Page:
Saturday, June 07, 2008


Most years our club plans a paddle from Gooseberry Pt. in Westport to Cuttyhunk Island. It is a seven mile, open water crossing. It also involves crossing a major commercial shipping lane. I frequently get placed on the list of coordinators and I always think it is scheduled too early in the year.
Open water crossings of more than a few miles should be undertaken with a respectable cushion.In early June the water in Buzzards Bay is still cold enough to make a drysuit prudent, but the air temperature is warm enough to make hours of sustained paddling in a drysuit misserable. Most paddlers have only been on the water for a few weeks and have not really begun doing long paddles. The disparity between air temperature, land temperature, and water temperature cook up morning fog and afternoon winds.
The forecast for today was patchy morning fog, blistering temperatures, and building winds. TM even called last night to point out that the prevailing weather pattern was ripe for thunderstorms.
H made me promise not to attempt to paddle to Cuttyhunk in blinding fog. She wanted me to be the smart one.... Any paddle where I need to be the smart one is likely in trouble. I sometimes have a hard time listening to my inner voice of reason.
When I pulled into the parking lot at Gooseberry Pt. visibility was well under a 100 yards and I had no intention of getting my kayak off the car without a plan that didn't involve making a risky crossing.
As the other people showed up, the fog began to lift. Seeing as the forecast was for the fog to burn off and I was definitely going to do some paddling, I started getting ready to hit the water.
By the time everyone was ready to launch, the fog had thickened. Visibility was 10 yards to 20 yards. CC and I expressed serious reservations about the crossing. I, personally, thought the idea of attempting the crossing was crazy. It was not so much a navigation problem because I had a GPS. I could easily find the island. It was a safety issue. We would not be able to see a ship, and the ship wouldn't be able to see us, until it was too late. There is also the general sense of disorientation that fog can cause.
The majority of the group decided that we should paddle out to the edge of the shipping channel and then evaluate the visibility issue. The group had a bearing to paddle on and felt that we'd see the channel marker before we entered the channel. CC and I pointed out that given that paddling on a bearing in limited visibility and hitting a tiny marker several miles off shore was not reasonable. So, the plan was modified. We paddled on the bearing for 20 minutes and then reevaluated.
The fog had not cleared up in the least. We could hear boats, but couldn't see a thing.
So, we reversed our bearing and paddled back towards shore. The new plan was to paddle back to Gooseberry Pt. and then make our way along the shore towards the mouth of the Westport River. Once we got to the tip of Gooseberry Pt., the plan changed and we decided to make a crossing to the mouth further off shore.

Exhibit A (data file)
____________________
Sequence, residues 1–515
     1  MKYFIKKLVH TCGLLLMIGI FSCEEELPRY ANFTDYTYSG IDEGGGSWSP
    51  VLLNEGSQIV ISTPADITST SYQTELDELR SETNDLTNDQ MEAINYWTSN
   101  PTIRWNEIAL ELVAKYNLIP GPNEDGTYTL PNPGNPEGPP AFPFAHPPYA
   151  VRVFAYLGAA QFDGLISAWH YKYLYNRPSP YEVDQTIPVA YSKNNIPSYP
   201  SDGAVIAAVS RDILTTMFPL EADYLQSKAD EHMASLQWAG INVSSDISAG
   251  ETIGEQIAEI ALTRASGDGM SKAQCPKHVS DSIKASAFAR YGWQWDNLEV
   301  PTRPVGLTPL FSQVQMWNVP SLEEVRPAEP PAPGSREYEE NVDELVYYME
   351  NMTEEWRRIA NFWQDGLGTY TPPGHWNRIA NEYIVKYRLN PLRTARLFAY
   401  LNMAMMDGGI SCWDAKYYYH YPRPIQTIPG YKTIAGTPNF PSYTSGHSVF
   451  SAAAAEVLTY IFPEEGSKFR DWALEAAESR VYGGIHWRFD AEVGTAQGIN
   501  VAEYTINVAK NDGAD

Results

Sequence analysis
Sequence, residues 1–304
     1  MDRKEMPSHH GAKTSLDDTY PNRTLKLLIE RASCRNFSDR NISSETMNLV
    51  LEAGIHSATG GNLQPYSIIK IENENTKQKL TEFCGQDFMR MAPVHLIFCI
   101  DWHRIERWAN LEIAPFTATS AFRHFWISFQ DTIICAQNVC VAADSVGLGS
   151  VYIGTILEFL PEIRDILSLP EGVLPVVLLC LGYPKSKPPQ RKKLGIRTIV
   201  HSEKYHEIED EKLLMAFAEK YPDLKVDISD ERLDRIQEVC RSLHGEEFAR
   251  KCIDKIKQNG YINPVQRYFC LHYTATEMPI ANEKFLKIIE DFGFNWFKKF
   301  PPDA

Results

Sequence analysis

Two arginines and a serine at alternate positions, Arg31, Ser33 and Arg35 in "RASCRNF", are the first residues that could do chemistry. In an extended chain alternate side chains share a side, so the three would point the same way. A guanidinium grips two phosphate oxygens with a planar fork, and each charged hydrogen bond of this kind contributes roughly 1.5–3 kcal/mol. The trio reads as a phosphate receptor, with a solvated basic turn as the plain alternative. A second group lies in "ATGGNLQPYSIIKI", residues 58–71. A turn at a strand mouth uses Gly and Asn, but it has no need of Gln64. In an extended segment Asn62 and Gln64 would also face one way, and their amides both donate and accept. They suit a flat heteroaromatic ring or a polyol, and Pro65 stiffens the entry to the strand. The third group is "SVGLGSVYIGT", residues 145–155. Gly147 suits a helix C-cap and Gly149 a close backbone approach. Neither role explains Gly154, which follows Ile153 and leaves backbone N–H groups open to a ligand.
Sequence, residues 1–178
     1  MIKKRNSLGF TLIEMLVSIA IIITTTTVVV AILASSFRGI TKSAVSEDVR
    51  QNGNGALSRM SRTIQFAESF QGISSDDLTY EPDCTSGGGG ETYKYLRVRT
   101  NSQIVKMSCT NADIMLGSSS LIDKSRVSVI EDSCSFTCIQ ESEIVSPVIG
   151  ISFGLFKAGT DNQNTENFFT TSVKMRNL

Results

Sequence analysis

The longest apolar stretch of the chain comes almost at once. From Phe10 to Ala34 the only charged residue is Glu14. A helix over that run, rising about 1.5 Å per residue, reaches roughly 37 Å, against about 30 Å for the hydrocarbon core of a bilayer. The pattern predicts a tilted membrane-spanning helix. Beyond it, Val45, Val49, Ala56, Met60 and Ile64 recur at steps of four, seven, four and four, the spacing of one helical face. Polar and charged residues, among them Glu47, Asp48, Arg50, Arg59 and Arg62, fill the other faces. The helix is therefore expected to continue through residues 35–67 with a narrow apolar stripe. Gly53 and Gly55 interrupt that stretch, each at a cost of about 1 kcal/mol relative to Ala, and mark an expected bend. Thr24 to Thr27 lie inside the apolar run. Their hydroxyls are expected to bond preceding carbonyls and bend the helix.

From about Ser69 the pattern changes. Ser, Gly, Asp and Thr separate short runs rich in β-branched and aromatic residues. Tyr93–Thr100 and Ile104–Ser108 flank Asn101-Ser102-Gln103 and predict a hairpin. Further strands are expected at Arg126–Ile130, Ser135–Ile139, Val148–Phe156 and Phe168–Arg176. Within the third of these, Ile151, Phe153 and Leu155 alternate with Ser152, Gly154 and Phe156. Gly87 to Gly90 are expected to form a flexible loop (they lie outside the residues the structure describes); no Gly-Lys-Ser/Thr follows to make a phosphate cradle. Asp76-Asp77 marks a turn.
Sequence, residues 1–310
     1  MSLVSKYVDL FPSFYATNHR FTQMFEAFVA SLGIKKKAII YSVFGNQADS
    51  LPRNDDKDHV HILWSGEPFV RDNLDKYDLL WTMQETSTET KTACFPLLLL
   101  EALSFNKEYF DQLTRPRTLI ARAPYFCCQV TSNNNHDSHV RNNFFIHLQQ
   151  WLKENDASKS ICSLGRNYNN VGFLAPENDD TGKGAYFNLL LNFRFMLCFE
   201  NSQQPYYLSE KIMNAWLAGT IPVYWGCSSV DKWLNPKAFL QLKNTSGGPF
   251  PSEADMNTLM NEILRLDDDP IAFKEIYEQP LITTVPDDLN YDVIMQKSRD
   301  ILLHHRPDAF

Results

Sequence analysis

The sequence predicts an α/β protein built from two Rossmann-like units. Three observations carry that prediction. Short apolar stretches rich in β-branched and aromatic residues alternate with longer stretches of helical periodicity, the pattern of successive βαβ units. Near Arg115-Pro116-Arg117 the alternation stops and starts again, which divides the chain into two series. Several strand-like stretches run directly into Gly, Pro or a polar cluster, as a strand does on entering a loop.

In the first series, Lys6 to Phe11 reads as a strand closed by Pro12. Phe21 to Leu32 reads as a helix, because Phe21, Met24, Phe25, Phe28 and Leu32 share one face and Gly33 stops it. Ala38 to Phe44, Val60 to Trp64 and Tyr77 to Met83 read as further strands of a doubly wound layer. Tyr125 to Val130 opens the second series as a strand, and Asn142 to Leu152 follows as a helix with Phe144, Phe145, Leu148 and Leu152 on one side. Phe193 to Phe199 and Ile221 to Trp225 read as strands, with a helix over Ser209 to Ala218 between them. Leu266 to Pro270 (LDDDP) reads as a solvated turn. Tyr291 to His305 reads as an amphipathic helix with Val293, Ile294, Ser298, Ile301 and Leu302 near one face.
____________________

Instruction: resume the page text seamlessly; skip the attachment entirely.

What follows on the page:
It was a nice paddle. The fog and cool water kept the air temperature in the low 70s. The water was just bumpy enough to make it fun.
About 3/4 of the way to the mouth of the Westport River, we decided it was time for lunch. We spotted a nice section of beach that was unoccupied. We didn't want too many people on the beach as we surfed in on our kayaks. The surf was small, but even small surf makes landing an adventure.
During lunch the group decided that the plan for the afternoon was to paddle up the mouth of the river, then paddle up the river (against the current), into the marshlands beyond the town boat ramp, carry our kayaks (that are heavy and awkward out of the water) across a road, and finally paddle back to our cars. It was reported to be a very pretty paddle.
It was a very pretty paddle. The shelter of the river basin knocked the winds down. The fog had finally burned off and turned into haze. The effort of fighting the current made me work just hard enough to make my dry top into a sauna. Fortunately the company was excellent.
While people were disappointed that we didn't make the crossing, I think the group made the correct choice.
We could have attempted the crossing and likely would have been fine. I did hear someone mention that it was probably not foggy out at Cuttyhunk. Others mentioned that we had made the crossing in fog once before and it turned out to be perfectly sunny on the island.
On the other hand, why take the risk? We did not know the weather on the island. The weather on the island did not change the fact there was limited visibility in the shipping channel. The previous time we made the crossing in the fog, the visibility was much better than we had this morning. I was also younger, stupider, and had far less responsibilities.
Cuttyhunk will be out there for as long as any of us can still paddle. There is no rush.

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